It’s fire season. What the heck were they thinking using sky lanterns in Morro Bay?

Fires are a fact of life in California, but seldom have we seen so many stubborn wildfires burning this early in the season.

While investigators haven’t nailed down the causes of the biggest blazes, statistics give use a clue: According to a report from the National Academy of Sciences, 84 percent of all wildfires in the United States are caused by people.

Something as innocuous as heat from car exhaust can ignite a fire under extreme conditions, which makes it all the more frustrating when we hear about fires started by blatantly risky — and stupid — behavior.

A prime example: Saturday night, a couple of sky lanterns started a small fire in Morro Bay.

If you’re wondering, “What in the world is a sky lantern?” we’ll clue you in, courtesy of Wikipedia, which defines it as “a small hot air balloon made of paper, with an opening at the bottom where a small fire is suspended.”

Sky lanterns are beautiful, especially when there’s a whole fleet of them floating in the night sky. They’re also cheap; you can buy a pack of 14 through Amazon for just $8.17.

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But remember, it will cost a whole lot more than that if those pretty little lanterns start a fire and you wind up stuck with the suppression costs. And if they touch down safely, you could still find yourself in trouble with law. Sky lanterns are illegal in a growing number of jurisdictions around the world. According to Wild Fire Magazine, they are banned in 29 U.S. states, including California.

Several local jurisdictions — Morro Bay among them — have passed their own ordinances against them.

Even in places where sky lanterns remain legal, warnings from online sellers should be enough to scare people into finding another way to light up the night. (Glow sticks, maybe?)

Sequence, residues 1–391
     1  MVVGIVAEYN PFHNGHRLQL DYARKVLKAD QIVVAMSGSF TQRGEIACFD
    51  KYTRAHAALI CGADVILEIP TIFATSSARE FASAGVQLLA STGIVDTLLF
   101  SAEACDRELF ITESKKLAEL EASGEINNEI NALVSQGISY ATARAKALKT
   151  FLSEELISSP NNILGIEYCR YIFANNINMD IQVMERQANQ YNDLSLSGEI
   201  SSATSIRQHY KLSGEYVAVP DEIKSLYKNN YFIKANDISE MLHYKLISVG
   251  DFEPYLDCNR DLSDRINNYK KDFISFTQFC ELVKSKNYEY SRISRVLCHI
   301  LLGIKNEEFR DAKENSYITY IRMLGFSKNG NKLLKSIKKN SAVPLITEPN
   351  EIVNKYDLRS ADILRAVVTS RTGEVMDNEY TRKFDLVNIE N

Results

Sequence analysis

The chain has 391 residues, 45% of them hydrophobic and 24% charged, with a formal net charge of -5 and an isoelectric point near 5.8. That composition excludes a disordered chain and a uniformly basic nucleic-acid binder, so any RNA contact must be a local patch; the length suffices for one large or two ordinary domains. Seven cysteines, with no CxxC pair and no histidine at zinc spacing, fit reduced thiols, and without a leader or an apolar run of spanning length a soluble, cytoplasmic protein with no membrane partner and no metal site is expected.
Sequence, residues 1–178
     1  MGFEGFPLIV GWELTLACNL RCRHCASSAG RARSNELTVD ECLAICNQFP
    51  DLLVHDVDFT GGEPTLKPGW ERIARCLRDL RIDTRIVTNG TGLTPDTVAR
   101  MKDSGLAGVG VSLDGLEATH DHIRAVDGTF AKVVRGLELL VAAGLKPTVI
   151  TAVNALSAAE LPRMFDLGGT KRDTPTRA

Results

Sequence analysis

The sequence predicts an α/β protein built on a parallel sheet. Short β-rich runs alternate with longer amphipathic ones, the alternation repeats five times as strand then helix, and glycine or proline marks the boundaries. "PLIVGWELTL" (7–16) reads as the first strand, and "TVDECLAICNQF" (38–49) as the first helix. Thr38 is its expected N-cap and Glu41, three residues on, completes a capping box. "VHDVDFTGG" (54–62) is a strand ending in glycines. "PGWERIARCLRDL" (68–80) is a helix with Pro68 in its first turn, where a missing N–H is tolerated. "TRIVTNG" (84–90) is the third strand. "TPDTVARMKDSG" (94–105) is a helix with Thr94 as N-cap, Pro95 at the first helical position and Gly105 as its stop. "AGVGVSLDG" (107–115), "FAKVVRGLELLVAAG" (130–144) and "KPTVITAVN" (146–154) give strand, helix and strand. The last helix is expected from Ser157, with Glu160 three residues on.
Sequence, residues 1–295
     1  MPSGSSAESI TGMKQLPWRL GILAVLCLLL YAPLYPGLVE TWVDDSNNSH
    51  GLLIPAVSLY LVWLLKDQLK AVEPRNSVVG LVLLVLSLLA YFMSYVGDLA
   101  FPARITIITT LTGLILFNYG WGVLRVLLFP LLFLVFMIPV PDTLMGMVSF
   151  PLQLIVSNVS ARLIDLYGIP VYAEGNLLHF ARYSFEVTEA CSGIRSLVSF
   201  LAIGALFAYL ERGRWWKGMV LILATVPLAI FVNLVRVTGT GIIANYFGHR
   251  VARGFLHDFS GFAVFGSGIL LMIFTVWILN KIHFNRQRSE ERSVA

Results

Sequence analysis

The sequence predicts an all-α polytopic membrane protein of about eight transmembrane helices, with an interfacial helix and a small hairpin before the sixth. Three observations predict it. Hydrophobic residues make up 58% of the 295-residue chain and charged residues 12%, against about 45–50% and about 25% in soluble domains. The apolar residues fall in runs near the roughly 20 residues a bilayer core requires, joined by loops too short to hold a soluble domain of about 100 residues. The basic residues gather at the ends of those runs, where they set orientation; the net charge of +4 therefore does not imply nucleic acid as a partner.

Here’s some of the cautionary language:

“Do not use around dry crops.”

“Do not use within 5 miles of airport or when winds are in excess of 5 mph.”

“On purchasing Sky Lanterns ... you accept all responsibility for any personal injury, civil damages, claims, or criminal charges that result from the release of the Sky Lanterns. We advise checking with your local Fire Marshall to ensure sky lanterns are not prohibited in your area.”

If you need some cautionary tales to further persuade you of the danger, read on:

▪  In the United Kingdom, a sky lantern is blamed for starting a fire that killed a prize breeding cow.

▪  Also in the U.K., a sky lantern sparked a large fire at a recycling facility in 2013 that did $8 million in damages.

▪  Last year, one landed on a fire chief’s roof in Maine.

▪  Closer to home, a sky lantern started a fire that damaged a fourplex in Santa Rosa in 2016.

Thankfully, the fire in Morro Bay was confined to an acre. It could have been much worse; just look at the size of other fires that have consumed so much acreage on the Central Coast.

That raises another issue: Do firefighters really need to be chasing down sky lantern scofflaws when so much of California is burning?

Of course not.

Even at the bargain price of $8.17, a pack of sky lanterns could wind up endangering lives and costing a fortune.

Firefighters are dealing with enough right now; don’t make their job harder.

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